June 6, 2013
UGA Study Shows Current Laws Don’t Prevent Sub-Saharan ‘Land Grabbing’
Sub-Saharan Africa has foreign investors flocking to buy its fertile land. Sometimes referred to as "land grabbing," the large-scale buying or leasing of large tracts of land in developing countries shifts indigenous, or customary, land rights from chiefs and local communities to investors or national governments, often stripping native people of a source of income.
Looking at 34 case studies examining the policy and practice of land acquisition and investment in Ghana, Mozambique, Tanzania and Zambia, UGA anthropologist Laura German and her co-authors noted significant differences in the legislation among the countries. Despite the variety of legislated processes for land acquisition and customary rights protection, outcomes were very similar.
"We found that in most cases, meetings held to consult affected communities about the land acquisition and related investments were very poorly done, and people were losing their land and livelihoods often in the absence of any real benefits," said German, an assistant professor with the Franklin College of Arts and Sciences.
Since the end of the 2000s, land in developing countries has been gaining interest in response to rising food and fuel costs. Most estimates suggest 20 to 60 million hectares of land in Africa have been acquired for large-scale agricultural investments through long-term, renewable leases. Many countries throughout Africa have been active in seeking to attract investment through land policy and investment reforms in the hopes that economic development will follow.
"Three of the survey countries represent some of the best case examples for legal protections of customary rights (laws that recognize local ownership and land use)," German said, "but the large majority of cases are leading to situations where people are pushed off their land and the benefits promised to them did not materialize either because consultations were poorly done, agreements were misunderstood, investors failed to honor their commitments or investors went bankrupt before they could follow through."
The land in some countries has to be reclassified as state land for the lease agreement to pass to the investors, which results in a permanent loss of land from local populations. Of the countries studied, Tanzania is the only one that requires payment for the losses suffered by the community when the land is acquired by private investors. It is also the only country that requires the entire community be present at a "baraza," or village assembly, when consulting affected communities about allocating the land for investment. Plus, Tanzania set a limit on land leases of 33 years and 20,000 hectares for biofuel investments. However, in practice, deals have been made for much longer terms and larger areas and payments have been diverted to local officials.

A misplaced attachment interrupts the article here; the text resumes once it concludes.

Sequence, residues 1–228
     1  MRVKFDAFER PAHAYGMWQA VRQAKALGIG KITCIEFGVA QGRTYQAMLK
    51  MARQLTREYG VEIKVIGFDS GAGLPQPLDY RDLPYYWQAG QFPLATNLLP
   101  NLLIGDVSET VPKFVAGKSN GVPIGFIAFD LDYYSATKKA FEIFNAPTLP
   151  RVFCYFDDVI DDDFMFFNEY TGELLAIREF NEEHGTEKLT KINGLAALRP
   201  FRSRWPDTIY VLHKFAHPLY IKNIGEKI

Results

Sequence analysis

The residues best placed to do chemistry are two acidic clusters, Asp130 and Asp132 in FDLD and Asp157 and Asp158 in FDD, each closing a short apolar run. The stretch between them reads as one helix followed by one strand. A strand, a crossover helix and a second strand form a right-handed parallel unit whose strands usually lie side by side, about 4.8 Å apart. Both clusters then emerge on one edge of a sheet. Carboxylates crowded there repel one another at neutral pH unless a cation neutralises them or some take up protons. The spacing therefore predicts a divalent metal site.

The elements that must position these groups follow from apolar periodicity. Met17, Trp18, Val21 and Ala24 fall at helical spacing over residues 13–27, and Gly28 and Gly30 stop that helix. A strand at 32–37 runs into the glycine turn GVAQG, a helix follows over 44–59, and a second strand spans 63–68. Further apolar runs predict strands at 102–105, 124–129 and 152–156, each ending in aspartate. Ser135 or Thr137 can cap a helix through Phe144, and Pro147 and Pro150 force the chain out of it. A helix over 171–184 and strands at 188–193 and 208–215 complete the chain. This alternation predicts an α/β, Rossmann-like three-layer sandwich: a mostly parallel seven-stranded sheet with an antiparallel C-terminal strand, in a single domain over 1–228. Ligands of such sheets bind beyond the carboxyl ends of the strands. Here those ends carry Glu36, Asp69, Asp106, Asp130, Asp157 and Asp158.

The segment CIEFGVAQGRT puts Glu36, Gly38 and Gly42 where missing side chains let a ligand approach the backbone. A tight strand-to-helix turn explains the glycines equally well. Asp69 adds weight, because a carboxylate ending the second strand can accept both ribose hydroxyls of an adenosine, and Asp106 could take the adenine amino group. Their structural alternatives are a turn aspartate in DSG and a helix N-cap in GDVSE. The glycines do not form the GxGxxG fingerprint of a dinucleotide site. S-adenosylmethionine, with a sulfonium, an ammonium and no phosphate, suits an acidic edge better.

"You see this disconnect between law and practice; and where the law is strong, it is often misinterpreted or poorly enforced," German said.
In Ghana and Zambia, chiefs are given a lot of authority to make land decisions. The law assumes a chief's decision represents the will of affected land users. While constitutions or land laws often require chiefs to consider the rights of others, states can't ensure this accountability.
"Ghana and Zambia have some of the worst cases of abuse because decisions are often made based on an evaluation of personal benefit rather than social consequences, and affected land users feel they have no basis for questioning chiefly authority," she said.
Where communities are consulted, many are so desperate for social services, steady income and health clinics that they are willing to accept the promise of employment or a school or clean water in exchange for thousands of acres of land, according to German.
"There is a serious lack of awareness about what is at stake," she said. "Much of this misunderstanding stems from the actual negotiation process, which in the vast majority of cases was very, very weak."
In addition to crucial legal reforms, German's research highlights the need for a more informed public, better enforcement of existing laws and support to local communities during negotiations with outside investors or the state to help level the playing field.
"We have some of the best cases on paper represented here, but the majority of those we looked at have resulted in displacement of land and resources crucial to local people's livelihoods," German said. "Unless there is a proactive effort by government to hold investors accountable to the aspirations of affected communities while supporting their awareness of what is at stake, we are bound to fail."
German's coauthors are George Schoneveld from Utrecht University in the Netherlands and Esther Mwangi from the Center for International Forestry Research in Bogar, Indonesia.
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